Treasury Secretary Steven Mnuchin said Thursday that people will start getting relief checks within three weeks, as the country reels from the coronavirus pandemic.
Mnuchin spoke to CNBC the morning after the Senate passed a $2 trillion stimulus package intended to blunt economic damage from the spread of the coronavirus. The House is expected to vote on the legislation Friday.
The massive relief bill offers direct cash payments of up to $1,200 for individuals and $2,400 for couples, with $500 added for every child, based on 2019 tax returns for those who filed them and 2018 information if they have not. The benefit begins to phase out for individuals making $75,000 in income and ends completely for those making $99,000 or more.
"Most of these will be direct deposit," Mnuchin said. "It will be within three weeks."
"We're determined to get money in people's pockets immediately," he said.
The payments would come amid a historic spike in jobless claims: Weekly initial unemployment claims totaled nearly 3.3 million, by far a record, according to data released Thursday.
"I just think these numbers right now are not relevant," Mnuchin said when asked about that staggering figure. "Whether they're bigger or smaller in the short term ... the good thing about this bill is, the president is protecting these people."
White House spokesman Judd Deere said in a statement later Thursday that President Donald Trump is grateful for the "enormous sacrifices" Americans are making in the face of the pandemic.
"The large increase in unemployment claims is just one of the many reasons why President Trump committed weeks ago to take care of all Americans, including affected industries and small businesses, so that we emerge from this challenge stronger and with a prosperous and growing economy."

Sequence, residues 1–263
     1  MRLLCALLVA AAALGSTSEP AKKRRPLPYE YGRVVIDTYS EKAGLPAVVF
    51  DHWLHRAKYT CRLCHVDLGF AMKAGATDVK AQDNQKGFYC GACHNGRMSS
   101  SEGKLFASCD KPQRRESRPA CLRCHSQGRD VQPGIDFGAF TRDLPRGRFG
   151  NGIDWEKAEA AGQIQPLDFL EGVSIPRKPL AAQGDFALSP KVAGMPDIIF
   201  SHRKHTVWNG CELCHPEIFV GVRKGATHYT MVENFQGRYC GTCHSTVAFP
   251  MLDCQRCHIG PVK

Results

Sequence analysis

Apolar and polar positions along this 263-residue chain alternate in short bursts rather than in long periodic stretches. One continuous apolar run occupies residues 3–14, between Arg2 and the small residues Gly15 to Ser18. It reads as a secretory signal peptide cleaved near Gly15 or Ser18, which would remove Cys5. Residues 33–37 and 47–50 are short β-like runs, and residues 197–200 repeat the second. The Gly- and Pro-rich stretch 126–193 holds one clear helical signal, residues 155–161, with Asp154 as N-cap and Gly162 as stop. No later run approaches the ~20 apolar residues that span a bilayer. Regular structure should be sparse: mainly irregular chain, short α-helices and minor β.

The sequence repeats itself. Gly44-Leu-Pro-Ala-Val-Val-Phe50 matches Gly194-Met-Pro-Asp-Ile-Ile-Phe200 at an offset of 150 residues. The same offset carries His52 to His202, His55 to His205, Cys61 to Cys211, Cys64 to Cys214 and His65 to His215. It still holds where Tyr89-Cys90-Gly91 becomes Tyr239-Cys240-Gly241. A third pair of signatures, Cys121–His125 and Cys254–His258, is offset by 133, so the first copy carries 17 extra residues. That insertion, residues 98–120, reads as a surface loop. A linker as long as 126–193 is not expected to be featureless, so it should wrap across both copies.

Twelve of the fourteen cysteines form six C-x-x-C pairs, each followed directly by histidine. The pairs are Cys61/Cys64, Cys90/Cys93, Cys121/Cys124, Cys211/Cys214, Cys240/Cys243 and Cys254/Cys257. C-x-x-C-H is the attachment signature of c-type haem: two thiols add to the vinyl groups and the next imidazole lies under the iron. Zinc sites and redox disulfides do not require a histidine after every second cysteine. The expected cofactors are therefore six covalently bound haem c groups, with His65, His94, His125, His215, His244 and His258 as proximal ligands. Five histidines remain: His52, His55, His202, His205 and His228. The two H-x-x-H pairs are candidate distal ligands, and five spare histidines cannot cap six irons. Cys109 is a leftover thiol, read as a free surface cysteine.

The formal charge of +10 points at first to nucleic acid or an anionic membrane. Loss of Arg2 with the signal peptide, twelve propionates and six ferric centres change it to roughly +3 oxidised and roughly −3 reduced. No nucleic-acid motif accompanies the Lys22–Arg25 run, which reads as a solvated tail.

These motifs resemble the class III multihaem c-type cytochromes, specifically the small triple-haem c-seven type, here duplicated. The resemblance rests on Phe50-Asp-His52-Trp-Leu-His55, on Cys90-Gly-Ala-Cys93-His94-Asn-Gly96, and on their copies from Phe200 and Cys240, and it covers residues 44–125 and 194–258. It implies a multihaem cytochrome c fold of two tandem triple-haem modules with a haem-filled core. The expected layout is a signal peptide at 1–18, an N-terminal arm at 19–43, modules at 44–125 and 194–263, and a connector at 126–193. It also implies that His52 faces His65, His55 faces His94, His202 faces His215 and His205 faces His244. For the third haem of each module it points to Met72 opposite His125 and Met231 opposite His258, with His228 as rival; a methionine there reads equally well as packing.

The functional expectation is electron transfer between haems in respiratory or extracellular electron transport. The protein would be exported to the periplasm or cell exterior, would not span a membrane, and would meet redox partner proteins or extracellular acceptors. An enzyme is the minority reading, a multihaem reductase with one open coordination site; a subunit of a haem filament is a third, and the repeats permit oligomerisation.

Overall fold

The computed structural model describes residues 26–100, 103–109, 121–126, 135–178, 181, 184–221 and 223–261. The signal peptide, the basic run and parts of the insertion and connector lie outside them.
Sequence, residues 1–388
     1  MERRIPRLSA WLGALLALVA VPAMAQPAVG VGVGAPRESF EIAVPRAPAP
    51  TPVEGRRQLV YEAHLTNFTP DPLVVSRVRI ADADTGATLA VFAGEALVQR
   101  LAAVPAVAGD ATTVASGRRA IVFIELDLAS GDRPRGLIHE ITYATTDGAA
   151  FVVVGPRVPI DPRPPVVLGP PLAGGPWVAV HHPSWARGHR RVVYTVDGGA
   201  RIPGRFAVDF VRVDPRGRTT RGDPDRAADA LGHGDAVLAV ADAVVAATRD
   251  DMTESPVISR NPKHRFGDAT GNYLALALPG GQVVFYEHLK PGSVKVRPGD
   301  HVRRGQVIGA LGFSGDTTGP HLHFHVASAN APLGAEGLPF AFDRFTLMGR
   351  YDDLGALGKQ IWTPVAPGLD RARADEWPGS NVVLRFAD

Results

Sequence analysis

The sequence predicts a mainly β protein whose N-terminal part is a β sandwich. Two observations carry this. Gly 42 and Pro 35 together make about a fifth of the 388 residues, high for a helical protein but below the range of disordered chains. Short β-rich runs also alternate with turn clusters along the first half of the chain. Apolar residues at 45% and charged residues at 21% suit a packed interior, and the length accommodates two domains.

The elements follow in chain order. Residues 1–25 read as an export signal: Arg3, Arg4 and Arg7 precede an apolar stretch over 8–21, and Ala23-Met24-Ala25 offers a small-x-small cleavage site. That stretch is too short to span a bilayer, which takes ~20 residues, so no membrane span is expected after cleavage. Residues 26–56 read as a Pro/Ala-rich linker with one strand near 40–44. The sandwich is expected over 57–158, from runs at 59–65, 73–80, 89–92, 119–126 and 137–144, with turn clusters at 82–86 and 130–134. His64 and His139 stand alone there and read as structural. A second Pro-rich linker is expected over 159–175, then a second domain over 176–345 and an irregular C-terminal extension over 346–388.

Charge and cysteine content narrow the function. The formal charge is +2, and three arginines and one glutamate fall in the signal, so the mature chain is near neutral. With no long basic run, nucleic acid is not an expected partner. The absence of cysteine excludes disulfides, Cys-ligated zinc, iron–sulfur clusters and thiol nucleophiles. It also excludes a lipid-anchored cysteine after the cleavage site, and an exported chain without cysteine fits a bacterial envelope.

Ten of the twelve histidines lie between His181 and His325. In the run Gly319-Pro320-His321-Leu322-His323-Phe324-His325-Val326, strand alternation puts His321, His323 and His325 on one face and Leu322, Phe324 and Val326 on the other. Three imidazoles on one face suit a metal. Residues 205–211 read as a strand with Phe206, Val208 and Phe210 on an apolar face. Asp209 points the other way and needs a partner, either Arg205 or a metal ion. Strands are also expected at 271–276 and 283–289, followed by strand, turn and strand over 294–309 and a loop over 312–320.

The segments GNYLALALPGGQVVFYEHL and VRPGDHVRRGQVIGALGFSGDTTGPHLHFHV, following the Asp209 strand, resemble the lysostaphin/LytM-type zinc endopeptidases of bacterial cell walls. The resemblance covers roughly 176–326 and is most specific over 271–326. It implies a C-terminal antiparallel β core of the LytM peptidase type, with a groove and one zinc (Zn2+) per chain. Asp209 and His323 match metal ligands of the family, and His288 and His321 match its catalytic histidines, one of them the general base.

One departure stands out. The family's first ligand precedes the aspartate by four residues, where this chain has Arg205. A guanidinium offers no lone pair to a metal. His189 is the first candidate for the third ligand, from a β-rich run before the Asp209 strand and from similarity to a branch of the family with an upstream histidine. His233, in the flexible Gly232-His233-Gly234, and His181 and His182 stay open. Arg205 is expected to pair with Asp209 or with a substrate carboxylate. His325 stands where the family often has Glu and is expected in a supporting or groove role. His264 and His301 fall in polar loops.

Deere added that the White House believes the House should pass the stimulus bill "without delay."
Market futures turned positive shortly after the jobless numbers were announced. After shedding trillions of dollars in value for weeks, stocks rose Thursday for the third straight session, as lawmakers rushed to provide relief for ailing industries and individuals.
Trump has also strongly signaled that he wants the economy "reopened" as soon as possible. Trump suggested repeatedly this week that areas of the country with comparatively low numbers of confirmed COVID-19 cases could allow businesses to reopen in just a few weeks, if not sooner.
But it's far from clear which states, if any, would agree to quickly loosen the extreme measures they have imposed to slow the spread of the disease.
Nearly every state in the country has declared a state of emergency amid the pandemic as confirmed cases continue to rise rapidly throughout the country – especially in "hot spots" such as New York and Washington. New states were ordering all residents to stay home as recently as Wednesday.